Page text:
Martin Amis's Money, Ian McEwan's Enduring Love, Jeanette Winterson's Written on the Body, and Will Self's How the Dead Live form a critique that reveals trepidation both about meta-narratives that provide a false sense of unified subjectivity, and about the postmodern alternative, a diffuse set of discourses that form a fragmented or de-centered subject that is often alienated from its body. I assert that the four novels diagnose and resist the implications of postmodern subjectivity and its often negative impact on embodiment.
I begin with Money, using Jean Baudrillard to analyze the subject/body relationship of the protagonist, John Self, who, as the result of his embrace of hyperconsumerism, expresses his subjectivity as simulation, simulation which denies the materiality of his own body and prevents him from interpreting other bodies as anything other than simulacra. Self's lifestyle nearly destroys him, yet the novel safely implants him within a narrative of domesticity, thereby rescuing his subjectivity from possible dissolution.
Chapter two asserts that traumatic events, such as the balloon incident in Enduring Love, rupture illusions of unified subjectivity as they test the cognitive abilities of the trauma witness. Witnesses are unable to interpret the event or bodies participating in that event both in the moment and in retrospect. The novel reveals the post-trauma vulnerability of the male subject which has an imperative to retrench within dominant discourse. Surprising for a novel that deconstructs masculinity, its ending valorizes both the male body and masculine agency.
In chapter three, I contend that the gaze of the gender-undeclared narrator exposes any subject's reliance on pre-inscribed discourse when interpreting another human body. I assert that Winterson's text inscribes the body in ways that stand in contrast to prescriptive and hegemonic discourses such as that of medicine. The narrator's choice to obscure his/her own body does not diminish its relevance; it actual highlights the body's importance to subjectivity.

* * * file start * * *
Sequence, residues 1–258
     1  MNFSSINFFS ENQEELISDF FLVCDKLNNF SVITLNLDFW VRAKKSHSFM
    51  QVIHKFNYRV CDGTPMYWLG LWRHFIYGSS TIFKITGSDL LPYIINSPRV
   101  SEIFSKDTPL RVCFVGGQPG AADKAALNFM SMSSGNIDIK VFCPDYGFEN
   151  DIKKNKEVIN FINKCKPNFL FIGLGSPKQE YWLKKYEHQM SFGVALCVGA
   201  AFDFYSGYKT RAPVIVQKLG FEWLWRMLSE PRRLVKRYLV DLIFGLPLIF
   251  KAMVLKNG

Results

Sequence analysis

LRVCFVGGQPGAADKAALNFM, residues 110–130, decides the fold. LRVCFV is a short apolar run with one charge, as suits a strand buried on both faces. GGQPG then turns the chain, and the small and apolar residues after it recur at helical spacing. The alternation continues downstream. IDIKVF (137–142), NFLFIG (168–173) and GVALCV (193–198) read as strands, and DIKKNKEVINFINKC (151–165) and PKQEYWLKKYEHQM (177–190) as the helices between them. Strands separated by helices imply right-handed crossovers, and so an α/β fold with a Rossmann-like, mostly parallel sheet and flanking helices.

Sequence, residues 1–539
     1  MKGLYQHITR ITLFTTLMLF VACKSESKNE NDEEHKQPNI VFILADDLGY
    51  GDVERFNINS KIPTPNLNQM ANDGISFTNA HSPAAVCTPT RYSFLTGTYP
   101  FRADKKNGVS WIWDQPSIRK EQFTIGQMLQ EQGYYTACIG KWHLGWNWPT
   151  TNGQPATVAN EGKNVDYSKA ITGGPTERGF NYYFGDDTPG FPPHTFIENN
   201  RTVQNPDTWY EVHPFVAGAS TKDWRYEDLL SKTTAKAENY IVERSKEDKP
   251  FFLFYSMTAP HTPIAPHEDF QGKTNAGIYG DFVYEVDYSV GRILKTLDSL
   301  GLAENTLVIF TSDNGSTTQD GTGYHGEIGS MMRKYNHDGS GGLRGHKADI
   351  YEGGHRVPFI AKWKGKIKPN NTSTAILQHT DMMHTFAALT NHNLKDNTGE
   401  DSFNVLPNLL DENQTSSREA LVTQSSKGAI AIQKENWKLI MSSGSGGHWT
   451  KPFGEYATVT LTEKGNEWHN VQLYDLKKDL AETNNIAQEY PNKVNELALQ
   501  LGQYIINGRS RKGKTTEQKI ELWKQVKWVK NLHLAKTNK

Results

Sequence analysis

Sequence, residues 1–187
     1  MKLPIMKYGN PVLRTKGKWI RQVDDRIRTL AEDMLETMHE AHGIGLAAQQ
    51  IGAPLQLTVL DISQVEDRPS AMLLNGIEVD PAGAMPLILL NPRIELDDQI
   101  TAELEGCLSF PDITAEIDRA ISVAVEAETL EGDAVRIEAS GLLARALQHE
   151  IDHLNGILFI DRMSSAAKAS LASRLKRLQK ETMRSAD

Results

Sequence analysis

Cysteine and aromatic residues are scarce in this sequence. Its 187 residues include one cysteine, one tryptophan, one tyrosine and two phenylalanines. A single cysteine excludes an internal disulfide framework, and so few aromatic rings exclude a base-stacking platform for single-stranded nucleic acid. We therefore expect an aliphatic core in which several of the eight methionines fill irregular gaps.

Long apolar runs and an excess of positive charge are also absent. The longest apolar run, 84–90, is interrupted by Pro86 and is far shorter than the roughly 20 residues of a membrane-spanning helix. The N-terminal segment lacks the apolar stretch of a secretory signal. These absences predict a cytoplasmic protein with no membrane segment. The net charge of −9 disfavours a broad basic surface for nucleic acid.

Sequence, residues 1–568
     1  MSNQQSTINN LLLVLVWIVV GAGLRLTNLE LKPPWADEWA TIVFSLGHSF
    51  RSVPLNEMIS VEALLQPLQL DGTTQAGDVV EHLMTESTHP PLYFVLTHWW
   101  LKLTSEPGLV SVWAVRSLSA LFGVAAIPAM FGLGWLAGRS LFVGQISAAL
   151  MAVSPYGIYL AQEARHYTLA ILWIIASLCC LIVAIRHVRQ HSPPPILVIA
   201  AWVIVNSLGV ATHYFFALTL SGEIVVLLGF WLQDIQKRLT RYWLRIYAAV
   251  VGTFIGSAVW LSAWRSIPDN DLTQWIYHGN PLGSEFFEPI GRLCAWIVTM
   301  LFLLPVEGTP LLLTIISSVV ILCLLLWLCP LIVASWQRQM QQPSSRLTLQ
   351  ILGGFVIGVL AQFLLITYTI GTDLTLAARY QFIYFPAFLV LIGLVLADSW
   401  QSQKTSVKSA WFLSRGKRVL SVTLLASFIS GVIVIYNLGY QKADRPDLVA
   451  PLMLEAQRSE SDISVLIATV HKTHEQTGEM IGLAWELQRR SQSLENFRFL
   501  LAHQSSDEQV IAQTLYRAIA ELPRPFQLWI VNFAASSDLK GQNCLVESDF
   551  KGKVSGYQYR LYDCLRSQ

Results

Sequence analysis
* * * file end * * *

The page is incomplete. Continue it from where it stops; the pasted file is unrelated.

Finally, in chapter four, I argue that How the Dead Live advances the concept of embodied subjectivity by claiming that all discourse is embodied. The deceased Lily Bloom's preoccupation with regaining embodiment reveals that much of our subjectivity is derived from our relationship to our bodies. The novel's conclusion, Lily's doomed reincarnation as her daughter's infant, asserts that subjectivity is inseparable from its one experience of embodiment.
Reasserting the body's ability to produce meaning and contribute to subjectivity, the novels reveal an increased advocacy for embodied subjectivity, an alternative to seeing the body as simply a site of discourse or according to Chris Schilling, a being “wholly constituted by discourse.”